Power shift, riot put Biden Cabinet picks in limbo

By Geof Koss | 01/08/2021 07:02 AM EST

President-elect Joe Biden introduced his Justice Department picks in Wilmington, Del., yesterday.

President-elect Joe Biden introduced his Justice Department picks in Wilmington, Del., yesterday. CNP/Polaris/Newscom

Key Cabinet nominees for President-elect Joe Biden may have to sit tight before Senate confirmation following this week’s attack on Capitol Hill by supporters of President Trump and the election of two Democrats to the Senate in Georgia.

While there’s a long tradition of confirming national security positions on Inauguration Day, the Senate has not yet held any confirmation hearings for Biden’s nominees, even as the president-elect continues to unveil his picks to lead key agencies.

And while the chamber has three pro forma sessions scheduled over the next two weeks, it next convenes for business Jan. 19 — the day before Biden takes office. Biden himself alluded to the likely delay Wednesday.


"My nominees for critical national security positions at State, Defense, Treasury and Homeland Security have bipartisan support and have been confirmed by the Senate before," he said. "They need to be in their jobs as soon as possible after Jan. 20."

Those comments came before Trump backers stormed the Capitol in an attempt to block certification of the Electoral College results.

Sen. Jack Reed (D-R.I.), the ranking member on the Senate Armed Services Committee, told reporters earlier Wednesday that he and Armed Services Chairman Jim Inhofe (R-Okla.) have been discussing a hearing on Biden’s pick to lead the Defense Department, retired Gen. Lloyd Austin, before the inauguration.

"I think we’d like to follow the path closely we did with Gen. Mattis in terms of getting some hearings done before the 20th," Reed told reporters, referencing James Mattis, Trump’s first Defense secretary, who was confirmed and sworn in hours after Trump’s inauguration in 2017.

The Armed Services Committee yesterday announced it would hold a confirmation hearing for Austin on Jan. 19.

However, Austin’s confirmation faces an additional wrinkle: He needs both the House and Senate to pass a waiver to a federal law that restricts former military officers from serving as Defense secretary within seven years of their service. The House currently isn’t expected to be in session until Inauguration Day.

That makes it unlikely Biden will have a Defense secretary in place on the first day of his presidency, as Trump did.

On Inauguration Day in 2017, the Senate also confirmed John Kelly to be Homeland Security secretary, but Democratic objections delayed two other picks the new president wanted quickly installed: Mike Pompeo’s nomination to the CIA and former Exxon Mobil Corp. CEO Rex Tillerson to be secretary of State.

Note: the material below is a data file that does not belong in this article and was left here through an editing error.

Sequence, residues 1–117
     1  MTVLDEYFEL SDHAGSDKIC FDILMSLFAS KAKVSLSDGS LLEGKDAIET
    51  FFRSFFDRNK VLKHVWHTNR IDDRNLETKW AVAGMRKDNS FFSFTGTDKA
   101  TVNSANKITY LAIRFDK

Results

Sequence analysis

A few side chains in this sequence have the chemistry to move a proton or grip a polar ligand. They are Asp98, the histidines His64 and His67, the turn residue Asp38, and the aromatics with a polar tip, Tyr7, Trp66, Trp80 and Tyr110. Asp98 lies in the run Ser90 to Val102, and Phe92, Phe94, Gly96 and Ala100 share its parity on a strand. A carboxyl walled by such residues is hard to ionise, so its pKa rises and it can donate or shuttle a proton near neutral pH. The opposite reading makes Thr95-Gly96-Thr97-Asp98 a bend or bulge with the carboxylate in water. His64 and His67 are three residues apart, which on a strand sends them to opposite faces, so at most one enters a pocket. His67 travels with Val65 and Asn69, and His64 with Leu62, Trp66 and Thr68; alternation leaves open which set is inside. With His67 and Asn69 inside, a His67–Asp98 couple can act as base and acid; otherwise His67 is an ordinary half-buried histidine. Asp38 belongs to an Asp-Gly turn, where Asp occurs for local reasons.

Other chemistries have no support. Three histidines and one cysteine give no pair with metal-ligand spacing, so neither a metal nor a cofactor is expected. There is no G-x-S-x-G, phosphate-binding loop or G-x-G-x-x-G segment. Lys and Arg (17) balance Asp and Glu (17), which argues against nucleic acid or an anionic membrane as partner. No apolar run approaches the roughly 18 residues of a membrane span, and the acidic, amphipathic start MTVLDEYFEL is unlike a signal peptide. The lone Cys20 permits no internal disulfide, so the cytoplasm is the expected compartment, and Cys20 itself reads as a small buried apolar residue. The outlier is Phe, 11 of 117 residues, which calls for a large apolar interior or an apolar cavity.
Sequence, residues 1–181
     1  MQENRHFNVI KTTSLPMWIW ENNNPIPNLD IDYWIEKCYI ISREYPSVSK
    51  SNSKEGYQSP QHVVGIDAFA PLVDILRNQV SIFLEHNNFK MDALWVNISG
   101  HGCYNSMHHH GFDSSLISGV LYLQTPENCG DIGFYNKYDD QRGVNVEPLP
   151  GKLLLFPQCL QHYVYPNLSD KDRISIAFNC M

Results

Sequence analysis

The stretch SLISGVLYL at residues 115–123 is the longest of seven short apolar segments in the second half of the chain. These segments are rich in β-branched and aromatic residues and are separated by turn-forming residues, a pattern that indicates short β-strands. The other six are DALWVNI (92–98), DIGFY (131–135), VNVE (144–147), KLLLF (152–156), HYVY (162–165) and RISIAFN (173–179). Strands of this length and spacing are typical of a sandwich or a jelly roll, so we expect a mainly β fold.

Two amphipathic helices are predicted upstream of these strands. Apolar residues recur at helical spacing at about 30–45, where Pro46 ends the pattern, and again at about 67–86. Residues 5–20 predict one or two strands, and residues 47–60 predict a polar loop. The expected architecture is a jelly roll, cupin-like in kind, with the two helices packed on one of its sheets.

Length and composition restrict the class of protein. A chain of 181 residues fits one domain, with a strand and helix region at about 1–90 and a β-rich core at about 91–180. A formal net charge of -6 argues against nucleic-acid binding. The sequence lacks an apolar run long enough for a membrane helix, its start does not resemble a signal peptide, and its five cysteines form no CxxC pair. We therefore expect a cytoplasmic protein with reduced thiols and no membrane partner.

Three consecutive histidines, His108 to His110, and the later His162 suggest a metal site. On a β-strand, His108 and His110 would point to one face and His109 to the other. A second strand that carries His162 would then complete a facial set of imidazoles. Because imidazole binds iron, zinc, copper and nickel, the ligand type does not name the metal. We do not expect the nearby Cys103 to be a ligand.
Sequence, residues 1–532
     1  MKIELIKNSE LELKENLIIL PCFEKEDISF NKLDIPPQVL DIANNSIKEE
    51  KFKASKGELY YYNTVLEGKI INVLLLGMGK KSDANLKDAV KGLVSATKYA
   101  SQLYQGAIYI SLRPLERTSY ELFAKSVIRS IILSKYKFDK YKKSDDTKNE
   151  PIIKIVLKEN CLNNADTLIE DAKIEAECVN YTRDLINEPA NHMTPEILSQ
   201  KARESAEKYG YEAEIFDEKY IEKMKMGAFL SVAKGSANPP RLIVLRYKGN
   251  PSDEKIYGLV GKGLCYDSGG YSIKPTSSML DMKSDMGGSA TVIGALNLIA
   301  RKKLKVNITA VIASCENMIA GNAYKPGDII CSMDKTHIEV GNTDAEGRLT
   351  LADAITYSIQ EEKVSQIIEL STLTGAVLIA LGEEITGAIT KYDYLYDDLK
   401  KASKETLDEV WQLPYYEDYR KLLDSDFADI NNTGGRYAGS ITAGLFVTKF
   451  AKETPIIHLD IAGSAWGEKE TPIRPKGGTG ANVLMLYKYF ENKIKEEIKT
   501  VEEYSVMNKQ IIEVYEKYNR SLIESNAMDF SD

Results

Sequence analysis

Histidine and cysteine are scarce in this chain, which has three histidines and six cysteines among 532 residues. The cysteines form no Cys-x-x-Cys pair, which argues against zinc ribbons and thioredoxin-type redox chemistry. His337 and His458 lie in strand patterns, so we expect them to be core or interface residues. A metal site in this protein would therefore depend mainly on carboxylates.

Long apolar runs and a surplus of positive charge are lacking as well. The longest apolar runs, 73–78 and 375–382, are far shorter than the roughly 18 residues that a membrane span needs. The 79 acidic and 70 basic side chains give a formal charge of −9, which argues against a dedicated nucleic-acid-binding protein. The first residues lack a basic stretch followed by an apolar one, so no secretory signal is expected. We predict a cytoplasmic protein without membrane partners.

Further complicating the calculation for Biden’s picks is the Jan. 5 Georgia runoffs, in which the Democratic challengers prevailed, giving Democrats the majority — after Jan. 20, when Vice President-elect Kamala Harris is sworn in and can break a tie.

Senate Minority Leader Chuck Schumer (D-N.Y.) has called for the Senate to confirm Biden’s national security picks, but that decision rests with the Republican Senate chairs until Jan. 20.

The offices of Schumer and Senate Majority Leader Mitch McConnell (R-Ky.) did not respond to requests for comment on hearings on Biden’s Cabinet, but the leaders also must negotiate an organizing resolution for the 117th Senate before committees can formally meet.

Yesterday Senate Environment and Public Works ranking member Tom Carper (D-Del.) met with EPA administrator nominee Michael Regan.

"Meeting with Michael Regan today was a welcome reminder of the promise and potential before us to rebuild a better future for this country," said Carper, who is set to become the panel’s chairman.

"We need an EPA Administrator who will be guided by science in working to undo the damage done to our environment by the outgoing administration and ushering in a new era of climate action."

Biden pressed the Senate to work quickly to set up confirmation hearings for his at least some of his nominees even before the results of this week’s Georgia runoff races are certified and the winners, Democrats Jon Ossoff and Raphael Warnock, are sworn in. That process could take as long as two weeks.

"I intend to work with the next Majority and the Minority Leader to move forward with key Cabinet nominations even while the Georgia results are confirmed," Biden said in a Wednesday statement congratulating Ossoff and Warnock.

Yesterday Biden held an event with his Justice Department picks, including appeals court judge Merrick Garland for attorney general.

Biden then confirmed he will nominate Rhode Island Gov. Gina Raimondo for Commerce secretary and Boston Mayor Marty Walsh for Labor secretary.

A Biden transition official told E&E News the president-elect’s nominees are working "full-throttle" to prepare for the confirmation process, including filing required disclosure paperwork, and are eager to get the hearings started.

Reporter Timothy Cama contributed.

***Read more about power players and policy changes after the elections in the E&E News special report POWER SHIFT.***